If you’re seeing a neurologist for peripheral neuropathy, multiple sclerosis, stroke-related damage, migraine headaches, epilepsy, or a movement disorder such as Parkinson’s disease, you should know that good nutrition and certain nutritional supplements are proven to help these problems. They can reduce pain, slow the progression of nerve damage, help you reduce your drug dosage, and remove toxins from your body that may be contributing to your health problems.
I’ve helped a number of people with neurological problems, working with them and their doctors to safely combine their medical care with natural, nutrition-based treatments.
If you have peripheral neuropathy, for instance, consider taking alpha lipoic acid, a nutritional supplement that can work as well as the drug Neurontin–without the side effects. Make sure you’re getting enough vitamin B12, folate and Coenzyme Q10, which can help relieve some forms of neuropathy. And if you’re taking cholesterol-lowering statin drugs, you need to be aware that these drugs greatly increase your risk for developing neuropathy, and can also cause muscle weakness and mood changes. Getting your cholesterol down with a healthy, plant-based diet can help you lower your dosage of statin drugs and reduce your risk for developing these troubling symptoms.
People with MS often do better when they start on an anti-inflammatory diet, getting more omega-3 fats and fewer omega-6 and saturated fats. They also benefit from other nutrients: vitamins D, E and B12, n-acetyl-cysteine, phosphatidylserine, CoQ10 and alpha lipoic acid.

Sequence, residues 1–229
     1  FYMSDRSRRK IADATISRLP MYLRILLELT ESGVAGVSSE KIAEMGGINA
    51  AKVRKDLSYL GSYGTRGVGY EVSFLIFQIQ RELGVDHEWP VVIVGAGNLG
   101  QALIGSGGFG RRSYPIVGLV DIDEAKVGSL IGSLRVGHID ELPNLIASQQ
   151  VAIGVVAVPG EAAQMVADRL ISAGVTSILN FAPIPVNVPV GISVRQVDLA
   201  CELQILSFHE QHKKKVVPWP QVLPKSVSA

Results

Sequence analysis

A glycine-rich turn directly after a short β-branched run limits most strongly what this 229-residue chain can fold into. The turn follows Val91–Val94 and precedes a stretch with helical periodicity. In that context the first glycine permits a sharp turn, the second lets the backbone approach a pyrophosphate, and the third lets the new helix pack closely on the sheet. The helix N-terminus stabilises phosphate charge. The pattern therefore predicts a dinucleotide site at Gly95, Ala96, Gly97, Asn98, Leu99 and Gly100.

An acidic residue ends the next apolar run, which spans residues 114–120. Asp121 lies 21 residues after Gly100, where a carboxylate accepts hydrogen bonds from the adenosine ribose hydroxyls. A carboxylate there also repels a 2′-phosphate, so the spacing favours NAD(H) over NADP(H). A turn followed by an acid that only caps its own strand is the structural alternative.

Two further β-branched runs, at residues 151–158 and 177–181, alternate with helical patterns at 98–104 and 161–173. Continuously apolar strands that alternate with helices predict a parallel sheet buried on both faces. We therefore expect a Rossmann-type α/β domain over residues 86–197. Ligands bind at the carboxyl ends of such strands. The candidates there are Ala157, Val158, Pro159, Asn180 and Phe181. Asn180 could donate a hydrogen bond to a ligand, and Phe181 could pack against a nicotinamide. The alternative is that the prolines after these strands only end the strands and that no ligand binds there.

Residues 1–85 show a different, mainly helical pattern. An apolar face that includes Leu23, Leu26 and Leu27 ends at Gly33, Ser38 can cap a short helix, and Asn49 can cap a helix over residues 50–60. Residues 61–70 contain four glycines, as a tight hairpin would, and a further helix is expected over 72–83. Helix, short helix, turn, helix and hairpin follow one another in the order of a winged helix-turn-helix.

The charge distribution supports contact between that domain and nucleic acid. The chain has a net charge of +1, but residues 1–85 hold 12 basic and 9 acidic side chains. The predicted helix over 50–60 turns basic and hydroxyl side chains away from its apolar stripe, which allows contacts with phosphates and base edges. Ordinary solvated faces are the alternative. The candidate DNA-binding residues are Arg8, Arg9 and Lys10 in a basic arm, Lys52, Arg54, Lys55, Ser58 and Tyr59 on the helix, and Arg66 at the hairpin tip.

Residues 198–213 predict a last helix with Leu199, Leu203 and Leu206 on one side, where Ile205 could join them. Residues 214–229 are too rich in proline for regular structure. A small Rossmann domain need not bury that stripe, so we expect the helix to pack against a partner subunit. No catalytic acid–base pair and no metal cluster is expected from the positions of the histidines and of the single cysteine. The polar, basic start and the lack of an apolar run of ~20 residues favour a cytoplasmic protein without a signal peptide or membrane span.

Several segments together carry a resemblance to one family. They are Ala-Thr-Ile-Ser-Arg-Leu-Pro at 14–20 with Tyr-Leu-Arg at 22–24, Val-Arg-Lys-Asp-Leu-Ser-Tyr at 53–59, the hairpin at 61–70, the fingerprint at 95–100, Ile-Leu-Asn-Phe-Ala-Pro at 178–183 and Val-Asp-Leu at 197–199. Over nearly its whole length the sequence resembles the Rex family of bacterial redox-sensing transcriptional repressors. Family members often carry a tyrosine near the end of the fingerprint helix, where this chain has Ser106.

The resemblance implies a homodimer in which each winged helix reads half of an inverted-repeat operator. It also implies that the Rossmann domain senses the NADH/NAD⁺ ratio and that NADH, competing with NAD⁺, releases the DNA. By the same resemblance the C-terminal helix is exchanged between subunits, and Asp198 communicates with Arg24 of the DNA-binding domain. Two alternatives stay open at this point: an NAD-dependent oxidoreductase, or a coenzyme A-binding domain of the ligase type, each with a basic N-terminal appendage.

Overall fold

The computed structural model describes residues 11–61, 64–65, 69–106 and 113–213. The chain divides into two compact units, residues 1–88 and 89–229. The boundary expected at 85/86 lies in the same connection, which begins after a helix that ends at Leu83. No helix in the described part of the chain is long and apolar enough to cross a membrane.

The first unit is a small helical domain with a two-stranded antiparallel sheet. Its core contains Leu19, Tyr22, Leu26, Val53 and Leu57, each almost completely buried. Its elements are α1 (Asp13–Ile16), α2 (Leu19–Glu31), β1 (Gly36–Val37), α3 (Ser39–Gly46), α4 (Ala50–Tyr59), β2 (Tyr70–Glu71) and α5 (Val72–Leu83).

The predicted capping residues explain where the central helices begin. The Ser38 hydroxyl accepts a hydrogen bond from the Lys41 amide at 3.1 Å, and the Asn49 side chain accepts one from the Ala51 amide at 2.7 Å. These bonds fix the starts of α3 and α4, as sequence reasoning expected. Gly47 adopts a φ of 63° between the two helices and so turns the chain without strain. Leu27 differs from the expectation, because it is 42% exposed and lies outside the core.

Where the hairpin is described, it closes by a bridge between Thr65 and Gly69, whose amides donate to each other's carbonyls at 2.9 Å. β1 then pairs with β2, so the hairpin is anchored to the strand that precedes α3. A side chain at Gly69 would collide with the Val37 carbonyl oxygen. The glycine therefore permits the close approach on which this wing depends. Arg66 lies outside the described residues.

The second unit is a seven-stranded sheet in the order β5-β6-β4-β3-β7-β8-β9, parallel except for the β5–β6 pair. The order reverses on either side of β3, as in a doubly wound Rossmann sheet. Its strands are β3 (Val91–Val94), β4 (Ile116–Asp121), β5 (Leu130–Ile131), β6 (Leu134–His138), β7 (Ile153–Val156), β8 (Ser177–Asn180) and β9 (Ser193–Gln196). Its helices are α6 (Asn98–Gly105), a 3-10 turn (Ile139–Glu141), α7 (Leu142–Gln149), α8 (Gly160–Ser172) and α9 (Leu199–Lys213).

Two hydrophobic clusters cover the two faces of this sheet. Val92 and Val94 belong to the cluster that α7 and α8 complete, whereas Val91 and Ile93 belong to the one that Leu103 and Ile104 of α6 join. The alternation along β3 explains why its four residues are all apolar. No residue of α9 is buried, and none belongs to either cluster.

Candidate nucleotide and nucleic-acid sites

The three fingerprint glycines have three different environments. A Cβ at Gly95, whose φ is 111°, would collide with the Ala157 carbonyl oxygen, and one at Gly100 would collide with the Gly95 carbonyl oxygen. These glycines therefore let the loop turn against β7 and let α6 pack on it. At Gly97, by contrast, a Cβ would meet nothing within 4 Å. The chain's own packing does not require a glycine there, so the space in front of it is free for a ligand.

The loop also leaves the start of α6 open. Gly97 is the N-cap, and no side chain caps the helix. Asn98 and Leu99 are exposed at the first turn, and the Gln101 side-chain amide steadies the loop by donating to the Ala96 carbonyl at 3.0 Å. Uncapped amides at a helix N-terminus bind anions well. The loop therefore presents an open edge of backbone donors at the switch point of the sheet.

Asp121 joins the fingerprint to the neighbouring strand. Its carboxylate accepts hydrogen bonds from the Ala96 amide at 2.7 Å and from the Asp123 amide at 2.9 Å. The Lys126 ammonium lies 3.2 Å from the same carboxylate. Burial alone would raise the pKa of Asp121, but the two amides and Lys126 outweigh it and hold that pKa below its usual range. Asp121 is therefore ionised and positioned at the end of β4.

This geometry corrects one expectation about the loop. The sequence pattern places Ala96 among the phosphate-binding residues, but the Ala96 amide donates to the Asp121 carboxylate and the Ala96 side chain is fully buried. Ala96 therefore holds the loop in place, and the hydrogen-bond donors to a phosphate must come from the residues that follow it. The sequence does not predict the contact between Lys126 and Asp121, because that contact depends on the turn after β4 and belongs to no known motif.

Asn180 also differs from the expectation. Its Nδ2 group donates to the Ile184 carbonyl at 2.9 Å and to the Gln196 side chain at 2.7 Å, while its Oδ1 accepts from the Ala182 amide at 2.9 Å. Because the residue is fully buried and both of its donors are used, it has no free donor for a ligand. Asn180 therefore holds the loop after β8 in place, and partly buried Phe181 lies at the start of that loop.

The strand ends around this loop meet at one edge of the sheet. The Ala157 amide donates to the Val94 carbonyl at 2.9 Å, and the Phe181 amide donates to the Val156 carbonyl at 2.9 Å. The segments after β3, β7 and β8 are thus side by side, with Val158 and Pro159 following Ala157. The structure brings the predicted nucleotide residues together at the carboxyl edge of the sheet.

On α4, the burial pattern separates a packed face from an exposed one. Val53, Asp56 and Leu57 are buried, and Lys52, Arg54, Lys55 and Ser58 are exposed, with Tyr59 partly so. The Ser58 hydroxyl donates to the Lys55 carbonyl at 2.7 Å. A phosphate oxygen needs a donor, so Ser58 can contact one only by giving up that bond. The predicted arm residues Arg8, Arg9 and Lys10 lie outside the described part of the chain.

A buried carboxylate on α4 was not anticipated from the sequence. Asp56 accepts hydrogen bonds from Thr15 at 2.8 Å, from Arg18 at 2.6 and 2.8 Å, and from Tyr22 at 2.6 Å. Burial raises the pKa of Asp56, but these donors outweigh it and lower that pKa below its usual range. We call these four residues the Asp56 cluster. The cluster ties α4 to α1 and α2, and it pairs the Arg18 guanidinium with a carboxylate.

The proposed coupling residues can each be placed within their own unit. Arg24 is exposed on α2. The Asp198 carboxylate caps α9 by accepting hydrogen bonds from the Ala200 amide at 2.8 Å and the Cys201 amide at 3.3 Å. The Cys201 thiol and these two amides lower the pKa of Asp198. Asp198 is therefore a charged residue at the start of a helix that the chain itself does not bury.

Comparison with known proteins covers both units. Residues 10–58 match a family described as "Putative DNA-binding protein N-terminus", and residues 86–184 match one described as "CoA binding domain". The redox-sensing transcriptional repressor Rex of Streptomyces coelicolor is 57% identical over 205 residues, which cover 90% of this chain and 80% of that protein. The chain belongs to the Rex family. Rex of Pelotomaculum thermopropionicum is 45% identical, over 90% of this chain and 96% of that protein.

People with Parkinson’s disease often have had exposure to toxic chemicals, such as solvents, herbicides or pesticides, and may benefit from an evaluation to reduce ongoing environmental toxin exposure. They also often improve by following a detoxifying diet and supplements to help their bodies break down and remove brain and nerve-damaging toxins.
People who’ve had a stroke, who have high blood pressure, or who are at risk for having stroke because of clotting problems can reduce their blood pressure with a diet high in potassium, magnesium, calcium, vitamin D, getting more omega-3 fats, and cutting back on sodium and saturated fats. This kind of diet can also help restore normal heartbeat in some people who have heart arrhythmia problems.
People with migraines and epilepsy sometimes find that they are reacting to certain foods or food additives. A little detective work can help pinpoint these foods, but sometimes people need to get food allergy testing to figure out what is going on. I’ve found people often improve once they stop eating foods, or, especially, food additives like sulfites and MSG–and aspartame!–that are making them sick.
Gale Maleskey, MS, RD, is an Integrative Nutrition Counselor and Certified Wellness Coach